Daily piano practice was one of the few excuses that could get me or my sister Cathy out of our after-dinner dishwashing duties when we were little girls. I hated taking piano lessons, those endless scales, arpeggios, piano recitals. But after four years of battles with my mother over my Royal Conservatory of Music studies, she finally let me quit.
Had my mother been more like Amy Chua, the Yale law prof and controversial author of Battle Hymn of the Tiger Mother, she would never have allowed me to give up playing the piano just because I didn’t enjoy it. Chua’s Why Chinese Mothers Are Superior essay about raising her two daughters, Lulu and Sophia, attracted worldwide attention, much of it downright hostile, when it was published recently in the Wall Street Journal. Here’s part of what caused all that fuss, in Chua’s own words:
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“Here’s a story in favor of coercion, Chinese-style. Lulu was about 7, still playing two instruments, and working on a piano piece called The Little White Donkey by the French composer Jacques Ibert. The piece is really cute—you can just imagine a little donkey ambling along a country road with its master—but it’s also incredibly difficult for young players because the two hands have to keep schizophrenically different rhythms.
“Lulu couldn’t do it. We worked on it nonstop for a week, drilling each of her hands separately, over and over. But whenever we tried putting the hands together, one always morphed into the other, and everything fell apart. Finally, the day before her lesson, Lulu announced in exasperation that she was giving up and stomped off.
“Get back to the piano now,” I ordered.
“You can’t make me.”
“Oh yes, I can.”
“Back at the piano, Lulu made me pay. She punched, thrashed and kicked. She grabbed the music score and tore it to shreds. I taped the score back together and encased it in a plastic shield so that it could never be destroyed again. Then I hauled Lulu’s dollhouse to the car and told her I’d donate it to the Salvation Army piece by piece if she didn’t have The Little White Donkey perfect by the next day. When Lulu said, “I thought you were going to the Salvation Army, why are you still here?” I threatened her with no lunch, no dinner, no Christmas or Hanukkah presents, no birthday parties for two, three, four years. When she still kept playing it wrong, I told her she was purposely working herself into a frenzy because she was secretly afraid she couldn’t do it. I told her to stop being lazy, cowardly, self-indulgent and pathetic.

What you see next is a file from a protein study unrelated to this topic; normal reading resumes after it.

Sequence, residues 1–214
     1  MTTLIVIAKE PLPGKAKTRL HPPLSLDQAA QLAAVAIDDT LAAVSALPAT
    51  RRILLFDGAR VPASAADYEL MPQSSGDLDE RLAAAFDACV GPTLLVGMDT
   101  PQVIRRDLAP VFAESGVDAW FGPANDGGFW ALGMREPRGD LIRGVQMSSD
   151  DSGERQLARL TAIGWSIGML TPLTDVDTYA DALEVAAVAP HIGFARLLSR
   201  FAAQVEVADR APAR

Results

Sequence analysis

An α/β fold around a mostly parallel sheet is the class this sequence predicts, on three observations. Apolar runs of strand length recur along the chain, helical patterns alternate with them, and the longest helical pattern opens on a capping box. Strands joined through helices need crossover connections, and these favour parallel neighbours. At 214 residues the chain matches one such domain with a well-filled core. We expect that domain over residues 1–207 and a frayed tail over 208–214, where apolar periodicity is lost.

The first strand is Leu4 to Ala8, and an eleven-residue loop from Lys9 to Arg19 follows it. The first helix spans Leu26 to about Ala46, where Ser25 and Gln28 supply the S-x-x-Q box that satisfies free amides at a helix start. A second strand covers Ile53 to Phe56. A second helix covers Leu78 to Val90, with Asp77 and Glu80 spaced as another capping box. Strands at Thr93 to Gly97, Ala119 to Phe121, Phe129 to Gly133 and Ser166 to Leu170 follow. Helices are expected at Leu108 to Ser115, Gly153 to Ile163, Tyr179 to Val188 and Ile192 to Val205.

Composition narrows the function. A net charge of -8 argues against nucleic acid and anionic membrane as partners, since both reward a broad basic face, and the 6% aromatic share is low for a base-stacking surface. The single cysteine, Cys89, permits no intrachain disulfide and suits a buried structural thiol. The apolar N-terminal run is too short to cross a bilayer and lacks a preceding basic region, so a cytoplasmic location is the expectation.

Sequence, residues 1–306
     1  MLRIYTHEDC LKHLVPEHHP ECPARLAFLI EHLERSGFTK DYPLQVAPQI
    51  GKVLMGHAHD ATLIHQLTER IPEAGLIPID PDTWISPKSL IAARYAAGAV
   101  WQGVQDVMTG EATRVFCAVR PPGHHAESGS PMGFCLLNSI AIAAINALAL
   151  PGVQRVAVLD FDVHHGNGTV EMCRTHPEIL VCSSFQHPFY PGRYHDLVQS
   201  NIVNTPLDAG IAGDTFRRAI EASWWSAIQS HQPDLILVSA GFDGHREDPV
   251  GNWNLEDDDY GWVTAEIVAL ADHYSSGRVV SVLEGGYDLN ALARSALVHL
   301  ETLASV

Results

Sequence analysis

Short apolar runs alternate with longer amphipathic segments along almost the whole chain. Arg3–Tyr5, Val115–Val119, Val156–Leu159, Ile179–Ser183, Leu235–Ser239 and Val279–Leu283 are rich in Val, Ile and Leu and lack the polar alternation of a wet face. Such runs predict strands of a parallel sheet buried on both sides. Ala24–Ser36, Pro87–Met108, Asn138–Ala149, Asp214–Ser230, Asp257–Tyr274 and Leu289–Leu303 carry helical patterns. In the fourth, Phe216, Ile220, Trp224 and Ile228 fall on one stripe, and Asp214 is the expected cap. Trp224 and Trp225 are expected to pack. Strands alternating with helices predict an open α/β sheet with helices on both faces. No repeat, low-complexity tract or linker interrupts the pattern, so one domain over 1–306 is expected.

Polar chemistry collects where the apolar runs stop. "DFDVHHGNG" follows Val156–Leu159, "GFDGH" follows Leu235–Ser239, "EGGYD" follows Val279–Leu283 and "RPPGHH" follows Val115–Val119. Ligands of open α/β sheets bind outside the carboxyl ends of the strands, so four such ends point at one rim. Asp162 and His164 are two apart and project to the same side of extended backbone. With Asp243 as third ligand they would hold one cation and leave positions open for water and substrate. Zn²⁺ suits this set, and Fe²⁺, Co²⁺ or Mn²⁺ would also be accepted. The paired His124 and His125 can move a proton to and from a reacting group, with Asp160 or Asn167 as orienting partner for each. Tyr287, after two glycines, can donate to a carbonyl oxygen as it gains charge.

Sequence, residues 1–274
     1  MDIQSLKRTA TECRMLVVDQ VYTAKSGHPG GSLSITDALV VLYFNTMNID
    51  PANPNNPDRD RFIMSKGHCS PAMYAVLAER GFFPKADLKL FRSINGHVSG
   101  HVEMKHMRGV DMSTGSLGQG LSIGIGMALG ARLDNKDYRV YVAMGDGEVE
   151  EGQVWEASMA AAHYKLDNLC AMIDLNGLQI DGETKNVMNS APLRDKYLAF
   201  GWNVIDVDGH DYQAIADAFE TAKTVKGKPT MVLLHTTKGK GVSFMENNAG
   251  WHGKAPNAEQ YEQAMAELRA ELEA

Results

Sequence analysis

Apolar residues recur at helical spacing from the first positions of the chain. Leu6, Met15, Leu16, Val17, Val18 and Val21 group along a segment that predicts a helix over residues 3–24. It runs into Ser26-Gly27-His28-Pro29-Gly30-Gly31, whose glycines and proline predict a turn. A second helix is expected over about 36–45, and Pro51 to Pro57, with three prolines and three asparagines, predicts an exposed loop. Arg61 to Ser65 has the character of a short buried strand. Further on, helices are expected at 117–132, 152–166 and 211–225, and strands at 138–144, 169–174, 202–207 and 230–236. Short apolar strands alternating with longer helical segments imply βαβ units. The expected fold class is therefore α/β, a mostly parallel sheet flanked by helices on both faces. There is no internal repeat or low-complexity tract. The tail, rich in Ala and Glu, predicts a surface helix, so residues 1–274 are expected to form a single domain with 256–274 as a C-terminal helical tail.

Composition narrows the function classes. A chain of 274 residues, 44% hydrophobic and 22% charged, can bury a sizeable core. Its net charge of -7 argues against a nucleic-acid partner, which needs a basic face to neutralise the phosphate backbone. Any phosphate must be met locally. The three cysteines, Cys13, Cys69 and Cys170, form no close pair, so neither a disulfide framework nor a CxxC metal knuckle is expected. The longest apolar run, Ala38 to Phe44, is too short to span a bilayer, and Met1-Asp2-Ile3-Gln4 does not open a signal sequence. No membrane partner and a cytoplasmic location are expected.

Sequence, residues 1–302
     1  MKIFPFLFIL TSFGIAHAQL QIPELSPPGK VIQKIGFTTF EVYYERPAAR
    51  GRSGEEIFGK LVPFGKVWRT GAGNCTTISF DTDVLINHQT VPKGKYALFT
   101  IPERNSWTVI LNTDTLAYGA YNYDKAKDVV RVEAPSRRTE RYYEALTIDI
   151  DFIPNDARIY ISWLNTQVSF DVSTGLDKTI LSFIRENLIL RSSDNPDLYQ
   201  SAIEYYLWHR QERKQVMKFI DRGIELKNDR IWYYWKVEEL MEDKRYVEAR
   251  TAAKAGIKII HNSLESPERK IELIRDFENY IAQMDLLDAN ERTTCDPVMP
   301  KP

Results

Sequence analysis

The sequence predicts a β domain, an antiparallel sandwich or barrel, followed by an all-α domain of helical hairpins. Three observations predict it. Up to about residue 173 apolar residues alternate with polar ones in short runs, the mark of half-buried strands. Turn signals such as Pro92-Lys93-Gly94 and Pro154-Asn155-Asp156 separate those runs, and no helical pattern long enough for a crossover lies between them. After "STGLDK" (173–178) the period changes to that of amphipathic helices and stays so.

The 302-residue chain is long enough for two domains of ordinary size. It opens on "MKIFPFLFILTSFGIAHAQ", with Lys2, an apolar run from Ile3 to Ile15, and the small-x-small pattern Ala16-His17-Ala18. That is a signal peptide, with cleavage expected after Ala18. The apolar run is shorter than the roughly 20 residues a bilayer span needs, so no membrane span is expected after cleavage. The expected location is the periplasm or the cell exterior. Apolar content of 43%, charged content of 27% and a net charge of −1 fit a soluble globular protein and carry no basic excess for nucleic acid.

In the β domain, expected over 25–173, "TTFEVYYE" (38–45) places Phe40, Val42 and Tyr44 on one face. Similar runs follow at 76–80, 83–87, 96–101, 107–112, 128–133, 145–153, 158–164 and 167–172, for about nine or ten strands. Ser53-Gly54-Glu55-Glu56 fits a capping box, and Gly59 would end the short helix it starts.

“My husband Jed took me aside. He told me to stop insulting Lulu—which I wasn’t even doing, I was just motivating her—and that he didn’t think threatening Lulu was helpful. Also, he said, maybe Lulu really just couldn’t do the technique—perhaps she didn’t have the coordination yet—had I considered that possibility?
“You just don’t believe in her,” I accused.
“That’s ridiculous,” Jed said scornfully. “Of course I do.”
“Sophia could play the piece when she was this age.”
“But Lulu and Sophia are different people,” Jed pointed out.
“Oh no, not this,” I said, rolling my eyes. “Everyone is special in their special own way,” I mimicked sarcastically. “Even losers are special in their own special way. Well don’t worry, you don’t have to lift a finger. I’m willing to put in as long as it takes, and I’m happy to be the one hated. And you can be the one they adore because you make them pancakes and take them to Yankees games.”
“I rolled up my sleeves and went back to Lulu. I used every weapon and tactic I could think of. We worked right through dinner into the night, and I wouldn’t let Lulu get up, not for water, not even to go to the bathroom. The house became a war zone, and I lost my voice yelling, but still there seemed to be only negative progress, and even I began to have doubts.
“Then, out of the blue, Lulu did it. Her hands suddenly came together—her right and left hands each doing their own imperturbable thing—just like that.
“Lulu realized it the same time I did. I held my breath. She tried it tentatively again. Then she played it more confidently and faster, and still the rhythm held. A moment later, she was beaming.
“Mommy, look—it’s easy!” After that, she wanted to play the piece over and over and wouldn’t leave the piano. That night, she came to sleep in my bed, and we snuggled and hugged, cracking each other up. When she performed The Little White Donkey at a recital a few weeks later, parents came up to me and said, “What a perfect piece for Lulu—it’s so spunky and so her.”
© 2011 Wall Street Journal
What do you think of Amy Chua’s Tiger Mother parenting?